By Brian David, Adoption and Usage Director , John Horrigan, Consumer Research Director, and Scott Wallsten, Economics Director (Adoption and Usage Team)
For those following how the Broadband Task Force has characterized the problem of non-adoption, the term “cost of digital exclusion” is familiar. The idea has roots in the academic literature, where Rahul Tongia and Ernest Wilson have argued in “Turning Metcalfe on His Head: The Multiple Costs of Network Exclusion” that the costs of not being online rise faster than the growth of the network. Blair Levin’s “Wired for Social Justice” speech touched on this idea in noting the societal benefits that come about from getting more people online.
A new report prepared by the Digital Impact Group and Econsult Corporation (DIG/EC) adds to the discussion by attempting to quantify the economic impacts associated with digital exclusion. The DIG/EC report, The Economic Impact of Digital Exclusion, finds that the aggregate costs of having one-third of the nation without broadband access comes to $55 billion per year when looking across 11 areas of impact (e.g., health, education, economic opportunity).
We note that the estimated cost should be approached cautiously. In addition to the inherent data-related challenges in this kind of undertaking, the report explicitly does not attempt to estimate the net benefits - it does not include the cost of programs that may be necessary to bring about the growth in broadband access that create the estimated benefits.
Nonetheless, we hope that the DIG/EC study will spur an ongoing discussion of the costs of digital exclusion. Such a discussion among policy-makers, practitioners and economists is crucial to building an inclusive broadband future. As Mark Cooper of the Consumer Federation of America (CFA) observed in The Challenge of Digital Exclusion in America: A Review of the Social Science Literature and Its Implications for the U.S. National Broadband Plan, “digital exclusion can be seen as exacerbating the underlying problems of social exclusion and inequality.” The DIG/EC study helps us think of the potential opportunities that may come about if more people have broadband access, while challenging analysts to do more to understand the costs of getting there.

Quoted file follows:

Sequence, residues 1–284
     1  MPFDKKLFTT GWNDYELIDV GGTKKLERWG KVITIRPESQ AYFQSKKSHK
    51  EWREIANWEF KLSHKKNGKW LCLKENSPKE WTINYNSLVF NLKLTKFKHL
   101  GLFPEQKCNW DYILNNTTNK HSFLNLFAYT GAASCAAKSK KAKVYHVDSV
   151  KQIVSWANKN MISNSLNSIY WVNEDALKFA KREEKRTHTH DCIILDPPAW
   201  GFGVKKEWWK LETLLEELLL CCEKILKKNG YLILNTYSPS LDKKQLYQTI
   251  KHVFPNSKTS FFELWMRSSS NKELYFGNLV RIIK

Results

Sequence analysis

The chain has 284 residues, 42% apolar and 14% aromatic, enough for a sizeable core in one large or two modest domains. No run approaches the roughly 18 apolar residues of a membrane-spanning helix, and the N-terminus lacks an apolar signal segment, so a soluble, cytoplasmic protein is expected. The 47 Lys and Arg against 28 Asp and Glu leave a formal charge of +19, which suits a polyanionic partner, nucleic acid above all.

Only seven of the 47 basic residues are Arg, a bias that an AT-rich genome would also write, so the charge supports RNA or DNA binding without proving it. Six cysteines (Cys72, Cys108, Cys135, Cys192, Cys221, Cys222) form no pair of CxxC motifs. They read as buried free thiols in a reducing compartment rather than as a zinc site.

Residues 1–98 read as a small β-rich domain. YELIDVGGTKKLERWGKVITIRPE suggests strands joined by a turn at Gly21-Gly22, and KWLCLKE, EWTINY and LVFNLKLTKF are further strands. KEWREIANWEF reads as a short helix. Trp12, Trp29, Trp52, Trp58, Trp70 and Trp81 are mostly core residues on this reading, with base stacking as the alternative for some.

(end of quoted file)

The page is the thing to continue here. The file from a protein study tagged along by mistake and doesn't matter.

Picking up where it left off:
As we approached today's Digital Inclusion Summit, DIG/EDC and CFA remind us of the stakes involved with closing gaps in home broadband access. Broadband is a pathway to benefits that the already-wired among us take for granted: news about our communities and government, better understanding of health care challenges, more information for purchase decisions and job search, and staying in touch with family and friends. The DIG/EC study helps us think in dollar terms about the potential scope of benefits, and CFA focuses on how digital exclusion can harden established patterns of inequality – possibly making it even more costly over time to address access gaps. Stayed tuned for how the Broadband Plan proposes to address these gaps.